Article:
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Oman Med J. 2009 Oct;24(4):242-7. doi: 10.5001/omj.2009.50.

Nanomedicine: promising tiny machine for the healthcare in future-a review.

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  • 1Department of Pharmacy, Stamford University Bangladesh, Bangladesh.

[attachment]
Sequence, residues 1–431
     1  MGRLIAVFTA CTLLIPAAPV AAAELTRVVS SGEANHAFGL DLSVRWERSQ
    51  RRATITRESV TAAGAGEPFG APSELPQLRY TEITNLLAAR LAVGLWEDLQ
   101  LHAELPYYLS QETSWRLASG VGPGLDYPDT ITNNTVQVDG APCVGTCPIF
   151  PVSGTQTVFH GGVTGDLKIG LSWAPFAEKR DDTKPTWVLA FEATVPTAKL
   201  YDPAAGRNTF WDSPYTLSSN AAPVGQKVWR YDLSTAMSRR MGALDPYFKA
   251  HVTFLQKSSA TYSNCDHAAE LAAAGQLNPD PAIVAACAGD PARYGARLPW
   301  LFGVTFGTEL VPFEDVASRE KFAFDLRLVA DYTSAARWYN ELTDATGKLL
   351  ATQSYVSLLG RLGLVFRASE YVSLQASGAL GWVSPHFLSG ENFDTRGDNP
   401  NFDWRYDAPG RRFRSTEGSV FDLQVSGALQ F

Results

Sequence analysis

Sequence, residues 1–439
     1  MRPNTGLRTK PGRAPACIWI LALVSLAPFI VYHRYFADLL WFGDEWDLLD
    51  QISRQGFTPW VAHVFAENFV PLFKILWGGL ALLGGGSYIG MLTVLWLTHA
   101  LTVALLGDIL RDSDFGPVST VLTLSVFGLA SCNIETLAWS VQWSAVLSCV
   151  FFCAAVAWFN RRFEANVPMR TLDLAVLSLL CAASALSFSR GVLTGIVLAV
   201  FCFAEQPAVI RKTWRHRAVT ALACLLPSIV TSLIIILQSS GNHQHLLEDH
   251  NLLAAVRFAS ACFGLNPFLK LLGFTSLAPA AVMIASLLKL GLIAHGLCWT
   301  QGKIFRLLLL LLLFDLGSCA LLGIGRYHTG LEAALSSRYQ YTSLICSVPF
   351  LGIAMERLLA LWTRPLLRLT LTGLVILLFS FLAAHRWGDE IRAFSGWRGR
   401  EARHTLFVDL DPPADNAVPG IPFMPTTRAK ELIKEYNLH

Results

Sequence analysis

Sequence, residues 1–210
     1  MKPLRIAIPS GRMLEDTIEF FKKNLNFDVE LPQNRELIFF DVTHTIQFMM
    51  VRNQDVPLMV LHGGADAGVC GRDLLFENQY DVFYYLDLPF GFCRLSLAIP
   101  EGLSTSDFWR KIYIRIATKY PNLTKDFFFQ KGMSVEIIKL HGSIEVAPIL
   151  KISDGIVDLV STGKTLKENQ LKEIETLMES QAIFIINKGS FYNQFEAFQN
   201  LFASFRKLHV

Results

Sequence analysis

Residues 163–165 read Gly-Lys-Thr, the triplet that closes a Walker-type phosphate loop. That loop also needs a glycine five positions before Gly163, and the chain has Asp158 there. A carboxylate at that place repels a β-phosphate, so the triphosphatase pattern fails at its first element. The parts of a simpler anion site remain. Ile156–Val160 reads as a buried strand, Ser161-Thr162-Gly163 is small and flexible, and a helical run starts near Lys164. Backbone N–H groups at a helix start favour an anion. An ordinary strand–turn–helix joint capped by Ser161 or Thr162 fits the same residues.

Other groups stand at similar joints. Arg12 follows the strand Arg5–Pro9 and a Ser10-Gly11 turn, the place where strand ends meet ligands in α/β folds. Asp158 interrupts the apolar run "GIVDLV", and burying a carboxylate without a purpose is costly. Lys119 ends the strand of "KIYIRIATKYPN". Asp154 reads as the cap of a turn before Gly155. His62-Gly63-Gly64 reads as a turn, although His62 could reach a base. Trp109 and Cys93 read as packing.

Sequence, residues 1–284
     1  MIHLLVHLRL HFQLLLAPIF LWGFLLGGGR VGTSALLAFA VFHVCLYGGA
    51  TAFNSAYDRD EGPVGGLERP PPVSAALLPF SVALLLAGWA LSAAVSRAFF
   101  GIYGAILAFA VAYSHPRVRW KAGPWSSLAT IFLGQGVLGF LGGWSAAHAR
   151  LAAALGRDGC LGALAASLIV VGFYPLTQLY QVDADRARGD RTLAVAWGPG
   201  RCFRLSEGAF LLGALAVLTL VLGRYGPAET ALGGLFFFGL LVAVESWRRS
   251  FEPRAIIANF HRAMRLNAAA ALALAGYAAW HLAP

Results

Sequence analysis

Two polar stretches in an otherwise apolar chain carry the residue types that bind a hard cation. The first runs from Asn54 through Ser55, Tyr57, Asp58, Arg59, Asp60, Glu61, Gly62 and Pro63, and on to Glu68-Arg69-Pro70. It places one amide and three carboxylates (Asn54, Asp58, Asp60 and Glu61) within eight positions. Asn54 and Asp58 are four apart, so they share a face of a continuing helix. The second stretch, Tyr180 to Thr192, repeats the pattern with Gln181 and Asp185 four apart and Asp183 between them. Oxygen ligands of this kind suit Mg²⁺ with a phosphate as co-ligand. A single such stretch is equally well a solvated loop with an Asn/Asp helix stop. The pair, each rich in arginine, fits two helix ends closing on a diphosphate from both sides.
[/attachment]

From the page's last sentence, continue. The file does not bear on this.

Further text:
One of the 21st century's most promising technologies is nanotechnology. Nanomedicine, an offshoot of nanotechnology, refers to highly specific medical intervention at the molecular scale for curing disease or repairing damaged tissues, such as bone, muscle, or nerve. Nanotechnology is a collective term referring to technological developments on the nanometer scale, usually 0.1-100 nm. A nanometer is one-billionth of a meter, too small to be seen with a conventional laboratory microscope. It is at this size scale - about 100 nanometers or less - that biological molecules and structures inside living cells operate. Therefore, nanotechnology is engineering and manufacturing at the molecular scale.Utilities of nanotechnology to biomedical sciences imply creation of materials and devices designed to interact with the body at sub-cellular scales with a high degree of specificity. This could be potentially translated into targeted cellular and tissue-specific clinical applications aimed at maximal therapeutic effects with very limited adverse-effects. Nanomedicine can offer impressive resolutions for various life threatening diseases. Disease areas which can be expected to benefit most from nanotechnology within the next few years are cancer, diseases of the cardiovascular system, the lungs, blood, neurological (especially neurodegenerative) diseases, diabetes, inflammatory/infectious diseases, Parkinson's or Alzheimer's disease and orthopaedic problems. In the first half of the 21st century, nanomedicine should eliminate virtually all common diseases of the 20th century, and virtually all medical pain. This article presents an overview of some of the applications of nanotechnology in nanomedicine.

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